Rodent Monitoring on Kotuku Peninsular
Trying to find a needle in a haystack.
by Tony Bouzaid
 

An intensive monitoring programme over a 50m x 50m grid of tracking tunnels across Kotuku Peninsula has yielded some interesting results.
Once a month a group of 8 volunteers led by Envirokiwi have installed ink cards in 906 tracking tunnels over two days then pulled them in over the next two days. The first run in September showed rat prints on one card under a house in Arthurís Bay on the Karaka Bay side of the peninsula. The second run in October yielded no prints on any of the cards. The third run in November changed the dynamics considerably.
In Garden Bay in Port FitzRoy one card near the shore showed a rat print on the 6th, the last day of the monitoring. We believe this rat has come ashore off a boat since there were no prints anywhere in the vicinity till this time. The following day we installed rat traps, bait stations, cards and hand-spread bait in the vicinity. The following day when we checked the rat had moved along the coast bait line 250m to leave a print in the last tunnel with a card. Two days later trying to jump ahead we installed traps and baited stations from 500m ahead of the last print. A day later and no traps had been tripped or bait taken or prints on cards. A dead rat smell was noticed in the vicinity of the last card print but no evidence of the rat dead or alive!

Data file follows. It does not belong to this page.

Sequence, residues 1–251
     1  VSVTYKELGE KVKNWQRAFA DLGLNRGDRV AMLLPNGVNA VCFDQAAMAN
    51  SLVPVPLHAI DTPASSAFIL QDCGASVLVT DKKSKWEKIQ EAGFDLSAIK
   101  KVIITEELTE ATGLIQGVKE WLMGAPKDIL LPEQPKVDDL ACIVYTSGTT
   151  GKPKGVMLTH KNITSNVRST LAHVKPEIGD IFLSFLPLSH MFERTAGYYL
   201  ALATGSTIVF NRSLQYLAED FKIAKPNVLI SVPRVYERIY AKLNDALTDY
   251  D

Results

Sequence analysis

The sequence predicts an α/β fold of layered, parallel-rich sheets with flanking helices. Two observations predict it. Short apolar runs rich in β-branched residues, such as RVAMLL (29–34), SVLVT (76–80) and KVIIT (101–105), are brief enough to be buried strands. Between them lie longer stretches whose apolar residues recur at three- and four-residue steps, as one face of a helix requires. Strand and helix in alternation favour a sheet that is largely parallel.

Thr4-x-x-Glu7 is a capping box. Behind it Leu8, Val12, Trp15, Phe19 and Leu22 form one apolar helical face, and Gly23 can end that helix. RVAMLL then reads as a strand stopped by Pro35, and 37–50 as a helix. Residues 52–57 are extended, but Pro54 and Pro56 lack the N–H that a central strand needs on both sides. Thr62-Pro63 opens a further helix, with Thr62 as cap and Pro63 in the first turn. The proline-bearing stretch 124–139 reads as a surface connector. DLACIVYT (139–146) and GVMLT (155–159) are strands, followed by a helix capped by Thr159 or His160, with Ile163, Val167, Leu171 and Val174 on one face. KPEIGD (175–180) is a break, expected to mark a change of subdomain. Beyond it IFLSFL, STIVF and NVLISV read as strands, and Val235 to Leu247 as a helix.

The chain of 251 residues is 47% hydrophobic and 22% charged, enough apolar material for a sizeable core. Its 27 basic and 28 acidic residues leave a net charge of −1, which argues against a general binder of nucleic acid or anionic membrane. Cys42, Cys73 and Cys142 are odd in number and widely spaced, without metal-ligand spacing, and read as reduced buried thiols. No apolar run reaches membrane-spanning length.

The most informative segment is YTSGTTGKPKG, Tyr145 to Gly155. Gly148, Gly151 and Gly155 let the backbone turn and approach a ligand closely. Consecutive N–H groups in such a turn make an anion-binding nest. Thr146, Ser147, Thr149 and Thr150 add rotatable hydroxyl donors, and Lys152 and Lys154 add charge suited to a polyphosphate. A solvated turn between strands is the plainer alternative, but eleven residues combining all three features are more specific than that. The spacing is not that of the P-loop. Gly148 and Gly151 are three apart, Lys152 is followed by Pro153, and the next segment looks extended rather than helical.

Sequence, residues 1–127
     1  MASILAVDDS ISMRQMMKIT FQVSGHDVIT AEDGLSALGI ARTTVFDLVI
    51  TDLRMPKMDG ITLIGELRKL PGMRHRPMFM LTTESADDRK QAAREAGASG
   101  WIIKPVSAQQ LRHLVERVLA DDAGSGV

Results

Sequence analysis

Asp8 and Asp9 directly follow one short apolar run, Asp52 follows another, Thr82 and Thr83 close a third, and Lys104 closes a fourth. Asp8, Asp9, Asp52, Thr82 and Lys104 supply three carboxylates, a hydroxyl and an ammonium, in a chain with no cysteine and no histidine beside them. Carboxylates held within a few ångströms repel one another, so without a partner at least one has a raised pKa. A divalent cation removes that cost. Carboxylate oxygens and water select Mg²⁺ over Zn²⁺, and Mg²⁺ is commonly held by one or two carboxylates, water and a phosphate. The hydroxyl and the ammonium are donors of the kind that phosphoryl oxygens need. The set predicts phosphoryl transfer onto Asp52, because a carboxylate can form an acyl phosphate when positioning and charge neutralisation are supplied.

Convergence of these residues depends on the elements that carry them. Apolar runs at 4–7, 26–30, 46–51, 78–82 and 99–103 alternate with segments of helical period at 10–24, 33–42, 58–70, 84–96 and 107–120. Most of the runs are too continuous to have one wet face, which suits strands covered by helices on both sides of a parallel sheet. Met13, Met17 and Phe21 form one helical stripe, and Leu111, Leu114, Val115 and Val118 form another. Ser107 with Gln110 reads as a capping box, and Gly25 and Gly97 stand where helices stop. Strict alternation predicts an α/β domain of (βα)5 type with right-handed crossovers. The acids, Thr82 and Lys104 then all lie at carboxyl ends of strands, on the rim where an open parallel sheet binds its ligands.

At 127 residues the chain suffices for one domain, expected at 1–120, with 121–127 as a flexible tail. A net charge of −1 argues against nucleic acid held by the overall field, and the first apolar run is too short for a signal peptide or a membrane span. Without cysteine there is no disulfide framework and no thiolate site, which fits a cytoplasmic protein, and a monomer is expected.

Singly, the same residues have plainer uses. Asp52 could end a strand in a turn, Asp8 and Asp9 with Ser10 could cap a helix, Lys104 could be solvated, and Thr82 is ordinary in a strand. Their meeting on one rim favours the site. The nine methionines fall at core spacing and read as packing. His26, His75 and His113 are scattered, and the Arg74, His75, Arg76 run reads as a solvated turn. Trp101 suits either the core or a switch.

Arthurís Bay at the Karaka Bay end of the fence was another story. Rats were trapped consistently on the outside of the fence near the end then one was trapped along the inside of the fence. While the last monitoring run was in progress a print of what was taken for a juvenile rat was recorded in the chook run. Subsequently a kiore was trapped inside the fence near the vehicle gate and another yet to be identified by the chook run.
Ditch Keeling spent 3 weeks on the peninsula tracking for rabbits and cats with one juvenile cat caught in Leyís Bay on the Karaka Bay side. At the end of the period he hadnít found evidence of a single rabbit and declared the peninsula clear of cats. If there had been any remaining cats they must have gone over the fence as they can exit easily enough.
The next monitoring run will be held from the 15th to 18th December for which we are again looking for volunteers. On the last run we had 4 members of the Cradock family come on their yacht and spend 2 days in the bush with us. I am grateful for the local volunteers who gave up so much of their time for days on end to tramp round some very rugged terrain inserting and removing ink impreg-nated cards. The greatest reward is finding 905 cards without rodent prints.